Mr Hansson used his presentation to compare the advantages and disadvantages of a sharp adjustment for countries suffering an economic crisis.

He said that one advantage of a sharp adjustment is that the rapid reaction of economic policy makers means there is a shorter period of high uncertainty weighing on economic activity, especially on investment decisions. Another advantage is that a rapid adjustment frees up resources for new businesses and activities. Mr Hansson emphasised that a sharp adjustment can help avoid reform fatigue in a society and prevents debts from building up too far in both the public and private sectors.

At the same time, economic policy makers need to be careful that the speed of rapid changes does not create problems by forcing viable firms out of business. It is also important for governments to explain clearly to society why the changes are needed and what effect they will have. He showed a comparison of Estonia’s adjustment during the economic crisis with the reactions of four other euro area countries, namely Greece, Ireland, Spain and Portugal. The comparison makes it clear that the faster adjustment in Estonia helped the country exit the crisis more successfully in terms of economic growth, employment, fiscal balance and debt.

The relatively rapid long-term growth in the Estonian economy and its ability to adjust have been based on a strong fiscal policy, a flexible labour market and relatively low debt levels, particularly in the public sector, explained Mr Hansson. The ability of the Estonian economy to escape from difficulties was aided by well-capitalised banks, consistent structural reforms and the desire to adapt economic policy quickly to changes in the economy. Unlike Estonia, several countries in the euro area were hindered in their reaction to the crisis by an excessively large financial sector.

Mr Hansson said that Estonia’s experience in the economic boom showed that a strong external anchor in the form of a credible fixed exchange rate arrangement might lead to policy complacency. The experience of the euro area during the economic crisis has proved that the economic policy of countries in a monetary union needs to be responsible and ready to react flexibly to economic changes.

The Ambrosetti Financial Markets Workshop on Friday and Saturday in Cernobbio, Italy, was attended by leading decision-makers from the world of financial and monetary policy. Ardo Hansson gave a presentation in the Saturday morning session on the Agenda for Europe.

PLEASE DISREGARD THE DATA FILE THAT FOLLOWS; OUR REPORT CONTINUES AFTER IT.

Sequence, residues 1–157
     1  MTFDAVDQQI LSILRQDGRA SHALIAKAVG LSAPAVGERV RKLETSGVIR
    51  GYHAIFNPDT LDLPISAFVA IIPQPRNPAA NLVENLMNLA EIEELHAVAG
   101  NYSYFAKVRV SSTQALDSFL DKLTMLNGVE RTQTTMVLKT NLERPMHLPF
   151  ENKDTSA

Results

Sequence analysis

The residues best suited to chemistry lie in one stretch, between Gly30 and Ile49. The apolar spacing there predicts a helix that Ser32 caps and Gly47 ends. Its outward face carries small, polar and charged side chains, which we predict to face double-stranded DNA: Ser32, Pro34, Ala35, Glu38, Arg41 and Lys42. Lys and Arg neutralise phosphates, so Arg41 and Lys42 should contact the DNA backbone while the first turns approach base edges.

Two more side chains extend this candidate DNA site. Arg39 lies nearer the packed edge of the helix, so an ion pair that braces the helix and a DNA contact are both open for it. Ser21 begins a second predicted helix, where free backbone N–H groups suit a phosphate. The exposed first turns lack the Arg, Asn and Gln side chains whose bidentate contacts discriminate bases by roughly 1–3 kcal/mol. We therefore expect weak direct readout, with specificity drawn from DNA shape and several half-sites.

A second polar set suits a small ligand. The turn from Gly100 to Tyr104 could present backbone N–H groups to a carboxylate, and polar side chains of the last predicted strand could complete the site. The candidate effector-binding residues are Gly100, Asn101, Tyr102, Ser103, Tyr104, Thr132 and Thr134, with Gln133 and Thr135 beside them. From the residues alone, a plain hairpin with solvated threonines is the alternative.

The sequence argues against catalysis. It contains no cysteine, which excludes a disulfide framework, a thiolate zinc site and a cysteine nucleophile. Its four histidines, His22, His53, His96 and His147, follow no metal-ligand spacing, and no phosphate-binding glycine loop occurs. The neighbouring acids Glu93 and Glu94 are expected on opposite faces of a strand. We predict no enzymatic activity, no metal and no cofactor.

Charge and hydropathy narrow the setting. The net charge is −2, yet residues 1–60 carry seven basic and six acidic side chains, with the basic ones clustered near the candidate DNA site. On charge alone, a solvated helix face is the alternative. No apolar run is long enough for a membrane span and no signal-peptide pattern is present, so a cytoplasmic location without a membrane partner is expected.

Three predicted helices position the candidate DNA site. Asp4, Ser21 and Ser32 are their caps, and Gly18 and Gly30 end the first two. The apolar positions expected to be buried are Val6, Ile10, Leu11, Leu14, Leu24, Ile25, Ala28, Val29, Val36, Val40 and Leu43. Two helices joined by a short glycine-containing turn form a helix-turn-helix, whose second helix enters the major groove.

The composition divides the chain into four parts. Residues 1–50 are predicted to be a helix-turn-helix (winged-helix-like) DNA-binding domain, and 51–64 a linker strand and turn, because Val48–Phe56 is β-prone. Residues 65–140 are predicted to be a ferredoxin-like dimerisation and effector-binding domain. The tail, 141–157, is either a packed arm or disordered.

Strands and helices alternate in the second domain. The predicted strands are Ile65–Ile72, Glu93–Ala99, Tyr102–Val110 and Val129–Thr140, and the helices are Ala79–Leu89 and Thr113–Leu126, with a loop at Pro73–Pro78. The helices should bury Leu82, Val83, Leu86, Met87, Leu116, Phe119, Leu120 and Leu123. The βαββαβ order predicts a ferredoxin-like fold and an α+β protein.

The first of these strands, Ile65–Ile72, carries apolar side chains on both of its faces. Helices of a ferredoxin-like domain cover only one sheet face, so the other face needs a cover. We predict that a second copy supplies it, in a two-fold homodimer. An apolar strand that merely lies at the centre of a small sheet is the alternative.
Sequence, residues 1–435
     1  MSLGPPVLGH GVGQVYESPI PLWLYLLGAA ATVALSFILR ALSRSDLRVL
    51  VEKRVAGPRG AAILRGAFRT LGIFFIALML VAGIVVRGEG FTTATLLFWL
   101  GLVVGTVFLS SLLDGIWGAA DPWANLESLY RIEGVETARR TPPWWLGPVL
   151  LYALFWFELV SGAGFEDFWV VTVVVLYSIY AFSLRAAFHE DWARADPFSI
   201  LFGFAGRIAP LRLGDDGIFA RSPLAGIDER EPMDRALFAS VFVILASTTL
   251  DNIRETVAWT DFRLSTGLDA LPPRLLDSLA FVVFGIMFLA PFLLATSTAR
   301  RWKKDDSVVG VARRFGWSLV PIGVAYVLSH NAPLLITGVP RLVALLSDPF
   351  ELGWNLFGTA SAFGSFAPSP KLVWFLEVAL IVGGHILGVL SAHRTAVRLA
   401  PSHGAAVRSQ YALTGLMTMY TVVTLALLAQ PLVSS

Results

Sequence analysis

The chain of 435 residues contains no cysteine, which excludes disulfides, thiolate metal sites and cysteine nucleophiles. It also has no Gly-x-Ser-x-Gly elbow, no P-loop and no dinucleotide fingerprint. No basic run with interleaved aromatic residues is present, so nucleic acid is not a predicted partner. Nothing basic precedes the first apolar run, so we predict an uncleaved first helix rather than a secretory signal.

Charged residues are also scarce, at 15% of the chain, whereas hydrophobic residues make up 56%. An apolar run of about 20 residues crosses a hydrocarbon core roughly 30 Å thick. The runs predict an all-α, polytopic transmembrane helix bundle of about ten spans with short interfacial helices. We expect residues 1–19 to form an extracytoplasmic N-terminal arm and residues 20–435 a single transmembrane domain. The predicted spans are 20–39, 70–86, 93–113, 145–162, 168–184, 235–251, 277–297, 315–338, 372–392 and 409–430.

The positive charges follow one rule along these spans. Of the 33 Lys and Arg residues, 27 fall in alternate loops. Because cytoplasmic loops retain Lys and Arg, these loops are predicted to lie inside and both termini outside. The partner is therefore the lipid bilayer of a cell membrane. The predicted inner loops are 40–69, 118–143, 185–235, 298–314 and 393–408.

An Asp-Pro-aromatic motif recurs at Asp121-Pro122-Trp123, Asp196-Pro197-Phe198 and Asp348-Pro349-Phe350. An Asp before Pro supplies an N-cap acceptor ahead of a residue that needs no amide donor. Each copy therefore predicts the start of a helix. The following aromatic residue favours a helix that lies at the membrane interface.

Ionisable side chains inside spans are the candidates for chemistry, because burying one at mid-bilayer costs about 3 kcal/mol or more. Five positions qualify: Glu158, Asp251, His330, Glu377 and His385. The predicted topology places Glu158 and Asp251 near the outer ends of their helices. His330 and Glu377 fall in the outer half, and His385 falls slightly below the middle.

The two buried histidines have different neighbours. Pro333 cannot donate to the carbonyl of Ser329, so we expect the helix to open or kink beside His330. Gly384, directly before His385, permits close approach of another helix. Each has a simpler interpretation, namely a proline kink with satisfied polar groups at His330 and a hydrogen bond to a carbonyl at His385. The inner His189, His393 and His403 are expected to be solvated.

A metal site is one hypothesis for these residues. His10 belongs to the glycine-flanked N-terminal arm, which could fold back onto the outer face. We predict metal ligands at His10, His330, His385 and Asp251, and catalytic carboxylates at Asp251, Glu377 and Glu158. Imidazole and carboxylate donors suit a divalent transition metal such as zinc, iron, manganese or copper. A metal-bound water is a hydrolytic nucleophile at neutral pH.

For more information on the conference, see http://www.ambrosetti.eu/en/news/2014/financial-markets-workshop

See the presentation here

Source: Bank of Estonia

Cabinet divides €6 billion EU funds

The government agreed on Feb 25, 2014 how to spend the 5.9 billion euros of EU funds the nation is set to receive during the 2014 to 2020 budget period.

“The (EU) budget negotiations were very successful for Estonia and the whole of Europe. Estonia will receive 5.9 billion euros, while contributing 1.4 billion euros,” Estonian Prime Minister Andrus Ansip said at a press conference.

Ansip said that in addition to the 5.9 billion euros, the EU will also subsidize the Rail Baltic project, which will receive one billion euros, and a prospective high-voltage link with Latvia.

Compared to the previous 7-year budget period of 2007 to 2013, Estonia will receive 1.3 billion euros more.

Rural development will see its budget increase slightly from 726 to 766 million euros, while funds for agricultural subsidies will double from 503 to 1,007 million euros. The Social Fund will increase by 198 million euros to 588 million.

The Regional Development Fund will increase by only 13 million to 1,873 million euros, while the Cohesion Fund will decrease to 1,073 million from 1,150 million euros of the previous period.

Another 629 million euros will be available for other projects.

The budget will have to be approved by the European Commission.

Source: Estonian Review / ERR